The increase in the Nigeria’s foreign earnings has helped the Central Bank of Nigeria to sustain forex interventions and reduce pressure on the local currency against major international currencies including the dollar.
Nigeria, which recently emerged from its worst economic recession in over 25 years with less than $21 billion in foreign reserves, has built up its reserves massively over one and half years to become largest in Africa by beating South Africa, Ghana, and Kenya in external reserves with total net reserves of $47,804,549,761.
According to the IMF, foreign reserves “consist of official public sector foreign assets that are readily available to, and controlled by the monetary authorities, for direct financing of payment imbalances, and directly regulating the magnitude of such imbalances, through intervention in the exchange markets to affect the currency exchange rate and/or for other purposes.”
Edward Adamu, CBN's Deputy Governor, Corporate Services, while speaking at the 25th seminar for Business Editors and financial Correspondents in Uyo, Akwa Ibom, had said that the apex bank hopes to meet the $50 billion target before the end of the year.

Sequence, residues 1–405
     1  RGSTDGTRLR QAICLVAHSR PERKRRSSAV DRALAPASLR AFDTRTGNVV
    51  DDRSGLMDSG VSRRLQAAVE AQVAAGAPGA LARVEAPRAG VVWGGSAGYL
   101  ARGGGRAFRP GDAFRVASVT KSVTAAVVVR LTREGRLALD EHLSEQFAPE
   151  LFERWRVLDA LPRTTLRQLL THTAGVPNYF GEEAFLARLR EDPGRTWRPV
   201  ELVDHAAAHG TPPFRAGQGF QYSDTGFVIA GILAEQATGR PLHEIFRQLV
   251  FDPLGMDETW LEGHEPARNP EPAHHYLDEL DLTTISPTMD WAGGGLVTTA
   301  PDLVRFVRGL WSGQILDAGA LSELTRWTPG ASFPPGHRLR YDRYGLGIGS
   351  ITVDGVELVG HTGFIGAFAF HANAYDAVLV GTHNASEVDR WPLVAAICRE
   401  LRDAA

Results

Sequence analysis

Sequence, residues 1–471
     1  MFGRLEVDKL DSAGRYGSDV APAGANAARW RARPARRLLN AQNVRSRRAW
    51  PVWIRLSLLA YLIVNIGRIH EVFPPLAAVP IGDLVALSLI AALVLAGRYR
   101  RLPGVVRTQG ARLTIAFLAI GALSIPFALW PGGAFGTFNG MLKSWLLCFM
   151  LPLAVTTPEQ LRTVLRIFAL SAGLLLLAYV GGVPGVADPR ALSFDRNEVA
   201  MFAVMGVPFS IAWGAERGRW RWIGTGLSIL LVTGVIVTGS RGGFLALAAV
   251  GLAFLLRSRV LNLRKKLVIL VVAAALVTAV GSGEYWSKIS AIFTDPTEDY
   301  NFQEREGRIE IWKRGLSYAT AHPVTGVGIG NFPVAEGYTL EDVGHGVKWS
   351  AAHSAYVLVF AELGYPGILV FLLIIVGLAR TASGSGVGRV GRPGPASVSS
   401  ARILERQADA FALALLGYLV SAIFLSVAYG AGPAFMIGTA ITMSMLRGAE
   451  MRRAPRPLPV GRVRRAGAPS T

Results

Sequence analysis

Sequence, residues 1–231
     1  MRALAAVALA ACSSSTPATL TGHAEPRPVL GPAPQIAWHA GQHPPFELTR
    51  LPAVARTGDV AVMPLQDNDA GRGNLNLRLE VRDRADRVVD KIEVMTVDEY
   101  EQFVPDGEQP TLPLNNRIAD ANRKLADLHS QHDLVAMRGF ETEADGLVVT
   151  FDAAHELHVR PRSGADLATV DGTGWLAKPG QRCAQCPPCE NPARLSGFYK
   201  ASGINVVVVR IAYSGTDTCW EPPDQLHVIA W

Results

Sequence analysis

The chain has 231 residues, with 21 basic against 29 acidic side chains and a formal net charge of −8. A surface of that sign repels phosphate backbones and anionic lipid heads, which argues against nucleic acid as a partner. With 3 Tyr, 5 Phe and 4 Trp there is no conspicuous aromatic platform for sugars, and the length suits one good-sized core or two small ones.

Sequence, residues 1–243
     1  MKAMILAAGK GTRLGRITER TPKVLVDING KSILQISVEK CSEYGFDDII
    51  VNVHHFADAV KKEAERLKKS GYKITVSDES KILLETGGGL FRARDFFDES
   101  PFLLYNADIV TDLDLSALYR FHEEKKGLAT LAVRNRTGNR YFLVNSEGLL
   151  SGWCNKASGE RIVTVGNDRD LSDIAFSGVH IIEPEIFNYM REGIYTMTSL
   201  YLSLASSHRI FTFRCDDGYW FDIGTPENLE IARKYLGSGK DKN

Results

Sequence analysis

The increase in the country’s foreign earnings has helped the Central Bank of Nigeria to sustain forex interventions and reduce pressure on the local currency against major international currencies including the dollar.
Meanwhile, South Africa’s reserves fell to $43.115 billion in April 2018 from $43.384 billion in March 2018.
The Reserve Bank on Tuesday, May 8, 2018, said the forward position, which represents the central bank’s unsettled or swap transactions, was lower at 1.933 billion dollars from 1.996 billion dollars in the previous month.
“The decrease of 440 million dollars in the gross reserves reflects the foreign exchange payments made on behalf of the government and the appreciation of the U.S. dollar against most currencies,” the Reserve bank said.